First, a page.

- Speak up – Don’t expect friends and family members to automatically know what you need or how you’re feeling. Be up front about what’s going on with you and the person you’re caring for. If you have concerns or thoughts about how to improve the situation, express them — even if you’re unsure how they’ll be received.
- Spread the responsibility – Try to get as many family members involved as possible. Even someone who lives far away can help. You may also want to divide up caregiving tasks. One person can take care of medical responsibilities, another with finances and bills, and another with groceries and errands, for example. Even with the assistance of a home care company, I scheduled every family member to be with my mother during the evening and overnight.
- Set up a regular check-in – Ask a family member, friend, or volunteer from your church or senior center to call you on a set basis (every day, weekly, or how ever often you think you need it). This person can help you spread status updates and coordinate with other family members.
- Say “yes” when someone offers assistance – Don’t be shy about accepting help. Let them feel good about supporting you. It’s smart to have a list ready of small tasks that others could easily take care of, such as picking up groceries or driving your loved one to an appointment.
- Be willing to relinquish some control – Delegating is one thing. Trying to control every aspect of care is another. People will be less likely to help if you micromanage, give orders, or insist on doing things your way.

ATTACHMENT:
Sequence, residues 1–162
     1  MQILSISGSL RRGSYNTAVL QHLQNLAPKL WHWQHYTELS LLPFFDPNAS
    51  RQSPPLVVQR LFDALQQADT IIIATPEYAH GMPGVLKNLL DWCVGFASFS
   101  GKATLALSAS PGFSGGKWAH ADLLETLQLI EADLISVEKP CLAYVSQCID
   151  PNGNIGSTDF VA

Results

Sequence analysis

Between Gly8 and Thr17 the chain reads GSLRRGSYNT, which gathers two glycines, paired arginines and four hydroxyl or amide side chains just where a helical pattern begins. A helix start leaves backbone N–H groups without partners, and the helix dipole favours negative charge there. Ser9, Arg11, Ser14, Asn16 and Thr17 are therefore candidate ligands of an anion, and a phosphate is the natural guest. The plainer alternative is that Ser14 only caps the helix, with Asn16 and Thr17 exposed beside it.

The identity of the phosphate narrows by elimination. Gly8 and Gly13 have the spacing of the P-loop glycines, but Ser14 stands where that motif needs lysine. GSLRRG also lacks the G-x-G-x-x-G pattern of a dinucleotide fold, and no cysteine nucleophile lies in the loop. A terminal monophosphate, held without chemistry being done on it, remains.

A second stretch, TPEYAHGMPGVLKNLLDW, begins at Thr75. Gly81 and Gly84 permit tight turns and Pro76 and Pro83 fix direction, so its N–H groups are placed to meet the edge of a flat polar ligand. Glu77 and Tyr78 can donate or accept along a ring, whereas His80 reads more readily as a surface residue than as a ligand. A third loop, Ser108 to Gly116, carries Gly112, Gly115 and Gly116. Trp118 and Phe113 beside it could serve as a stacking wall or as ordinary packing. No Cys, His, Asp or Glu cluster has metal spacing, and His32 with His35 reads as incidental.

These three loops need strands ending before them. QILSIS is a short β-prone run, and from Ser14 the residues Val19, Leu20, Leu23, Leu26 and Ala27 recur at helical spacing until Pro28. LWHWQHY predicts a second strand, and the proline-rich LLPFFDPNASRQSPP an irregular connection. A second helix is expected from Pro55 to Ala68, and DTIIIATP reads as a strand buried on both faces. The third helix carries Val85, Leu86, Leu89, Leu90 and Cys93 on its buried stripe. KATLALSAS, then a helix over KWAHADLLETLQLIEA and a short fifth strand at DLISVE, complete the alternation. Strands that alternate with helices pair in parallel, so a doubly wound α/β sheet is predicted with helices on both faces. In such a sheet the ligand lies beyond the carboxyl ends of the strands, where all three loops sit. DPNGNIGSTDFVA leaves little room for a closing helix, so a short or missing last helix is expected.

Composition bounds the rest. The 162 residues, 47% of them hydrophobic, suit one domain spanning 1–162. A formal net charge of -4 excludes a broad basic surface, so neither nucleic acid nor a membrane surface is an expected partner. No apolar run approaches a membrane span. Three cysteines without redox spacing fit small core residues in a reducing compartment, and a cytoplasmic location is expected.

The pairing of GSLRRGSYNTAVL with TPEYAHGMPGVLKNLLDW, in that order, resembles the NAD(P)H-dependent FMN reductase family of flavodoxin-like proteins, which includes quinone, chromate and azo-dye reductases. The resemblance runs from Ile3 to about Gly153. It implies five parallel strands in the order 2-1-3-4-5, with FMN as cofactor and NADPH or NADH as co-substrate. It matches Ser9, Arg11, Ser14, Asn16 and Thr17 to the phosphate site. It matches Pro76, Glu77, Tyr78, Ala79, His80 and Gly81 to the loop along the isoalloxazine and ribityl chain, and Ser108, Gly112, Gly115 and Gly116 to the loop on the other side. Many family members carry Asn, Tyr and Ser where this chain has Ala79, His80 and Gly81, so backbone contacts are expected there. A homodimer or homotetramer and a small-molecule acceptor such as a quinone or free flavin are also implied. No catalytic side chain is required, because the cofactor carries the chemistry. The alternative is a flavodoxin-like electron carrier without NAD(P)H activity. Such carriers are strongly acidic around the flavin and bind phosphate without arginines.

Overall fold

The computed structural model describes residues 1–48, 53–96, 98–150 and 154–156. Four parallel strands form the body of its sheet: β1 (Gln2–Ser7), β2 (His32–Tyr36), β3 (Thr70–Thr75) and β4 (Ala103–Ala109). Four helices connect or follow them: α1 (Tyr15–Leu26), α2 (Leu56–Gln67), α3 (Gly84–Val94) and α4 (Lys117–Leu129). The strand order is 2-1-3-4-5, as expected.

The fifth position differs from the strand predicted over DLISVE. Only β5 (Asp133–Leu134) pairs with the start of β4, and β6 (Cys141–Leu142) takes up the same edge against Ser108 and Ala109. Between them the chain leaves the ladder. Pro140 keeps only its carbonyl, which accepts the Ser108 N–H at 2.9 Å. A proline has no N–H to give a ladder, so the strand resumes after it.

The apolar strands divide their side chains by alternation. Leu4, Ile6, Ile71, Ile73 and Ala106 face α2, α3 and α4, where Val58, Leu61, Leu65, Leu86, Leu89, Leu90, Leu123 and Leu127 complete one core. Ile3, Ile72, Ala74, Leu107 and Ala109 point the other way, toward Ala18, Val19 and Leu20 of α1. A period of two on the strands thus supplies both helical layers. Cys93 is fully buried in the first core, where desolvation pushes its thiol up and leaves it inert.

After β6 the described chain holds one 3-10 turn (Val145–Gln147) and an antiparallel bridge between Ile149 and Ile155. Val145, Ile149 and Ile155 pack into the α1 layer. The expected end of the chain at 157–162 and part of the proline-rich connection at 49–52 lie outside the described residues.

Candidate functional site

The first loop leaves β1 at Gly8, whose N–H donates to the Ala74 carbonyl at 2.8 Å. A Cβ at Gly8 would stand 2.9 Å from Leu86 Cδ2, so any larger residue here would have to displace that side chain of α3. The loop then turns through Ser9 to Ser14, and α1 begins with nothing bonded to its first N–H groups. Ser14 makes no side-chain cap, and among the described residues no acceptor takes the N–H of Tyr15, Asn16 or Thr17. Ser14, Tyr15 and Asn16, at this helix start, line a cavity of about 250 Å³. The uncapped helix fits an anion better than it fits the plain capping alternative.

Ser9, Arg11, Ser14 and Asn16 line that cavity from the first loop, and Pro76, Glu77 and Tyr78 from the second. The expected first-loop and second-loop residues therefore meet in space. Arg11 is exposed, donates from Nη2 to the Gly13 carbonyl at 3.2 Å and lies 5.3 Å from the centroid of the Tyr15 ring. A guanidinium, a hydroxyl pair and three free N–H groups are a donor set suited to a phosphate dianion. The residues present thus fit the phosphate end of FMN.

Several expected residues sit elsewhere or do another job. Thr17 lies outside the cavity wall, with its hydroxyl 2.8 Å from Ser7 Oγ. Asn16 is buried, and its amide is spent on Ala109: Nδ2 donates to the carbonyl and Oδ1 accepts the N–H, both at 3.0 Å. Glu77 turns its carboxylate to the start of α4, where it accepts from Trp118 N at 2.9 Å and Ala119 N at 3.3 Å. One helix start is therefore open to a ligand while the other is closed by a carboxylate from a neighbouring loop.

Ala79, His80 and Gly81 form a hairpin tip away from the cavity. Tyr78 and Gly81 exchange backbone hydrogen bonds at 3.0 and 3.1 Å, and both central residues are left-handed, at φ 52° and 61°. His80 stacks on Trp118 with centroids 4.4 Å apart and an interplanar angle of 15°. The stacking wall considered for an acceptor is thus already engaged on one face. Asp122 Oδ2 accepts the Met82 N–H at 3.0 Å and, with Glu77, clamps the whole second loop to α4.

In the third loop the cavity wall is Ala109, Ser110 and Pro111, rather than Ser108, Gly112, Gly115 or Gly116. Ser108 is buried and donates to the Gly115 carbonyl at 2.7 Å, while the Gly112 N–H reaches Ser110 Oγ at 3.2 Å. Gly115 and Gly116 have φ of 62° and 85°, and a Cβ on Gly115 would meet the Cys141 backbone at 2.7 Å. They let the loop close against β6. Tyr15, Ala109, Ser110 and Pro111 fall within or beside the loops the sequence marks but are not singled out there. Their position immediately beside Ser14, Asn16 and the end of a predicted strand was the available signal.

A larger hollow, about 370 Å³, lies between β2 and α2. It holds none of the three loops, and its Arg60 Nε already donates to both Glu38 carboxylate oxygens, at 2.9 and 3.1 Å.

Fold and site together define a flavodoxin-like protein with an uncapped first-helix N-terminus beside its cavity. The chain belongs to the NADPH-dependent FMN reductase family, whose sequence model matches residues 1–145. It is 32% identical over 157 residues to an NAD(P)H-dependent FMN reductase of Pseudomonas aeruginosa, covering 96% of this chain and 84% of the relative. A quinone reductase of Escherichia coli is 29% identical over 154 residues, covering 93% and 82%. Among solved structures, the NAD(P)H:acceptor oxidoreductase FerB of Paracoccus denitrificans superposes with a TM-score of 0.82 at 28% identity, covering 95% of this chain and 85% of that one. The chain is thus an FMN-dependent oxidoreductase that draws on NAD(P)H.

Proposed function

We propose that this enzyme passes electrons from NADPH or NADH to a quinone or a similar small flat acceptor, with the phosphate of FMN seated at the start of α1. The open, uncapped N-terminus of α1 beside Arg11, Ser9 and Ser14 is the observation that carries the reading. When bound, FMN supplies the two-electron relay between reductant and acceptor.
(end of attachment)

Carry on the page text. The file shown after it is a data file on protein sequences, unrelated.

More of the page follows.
Is there a difference between caregiver burnout and depression?
Too much stress, especially over a long time, can harm your health. As a caregiver, you’re more likely to experience symptoms of depression or anxiety. In addition, you may not get enough sleep or physical activity, or eat a balanced diet which increases your risk of medical problems, such as heart disease and
Are there any resources or support groups for caregiver burnout?
A caregiver support group is a great way to share your troubles and find people who are going
through the same experiences that you are living each day. If you can’t leave the house, many Internet groups are also available.
In most support groups, you’ll talk about your problems and listen to others talk; you’ll not only get help, but you’ll also be able to help others. Most important, you’ll find out that you’re not alone. You’ll feel better knowing that other people are in the same situation, and their knowledge can be invaluable, especially if they’re caring for someone with the same illness as you are.
Can caregiver burnout lead to health issues?
Caregiver stress can be particularly damaging, since it is typically a chronic, long-term challenge. You may face years or even decades of caregiving responsibilities. It can be particularly disheartening when there’s no hope that your family member will get better. Without adequate help and support, the stress of caregiving leaves you vulnerable to a wide range of physical and emotional problems, ranging from heart disease to depression.
Should I feel guilty about wanting to take a break from caring for my loved one?
The bottom line is never to forget YOU in the caregiving equation. Always be sure to set aside some
personal time to satisfy your needs and interests. Focus on your health by maintaining a good diet and enough exercise. If you do not remain healthy and happy, physically and emotionally, it is even harder for you to satisfy your caregiver role and look after someone else.
Give yourself permission to rest and to do things that you enjoy on a daily basis. You will be a better caregiver for it.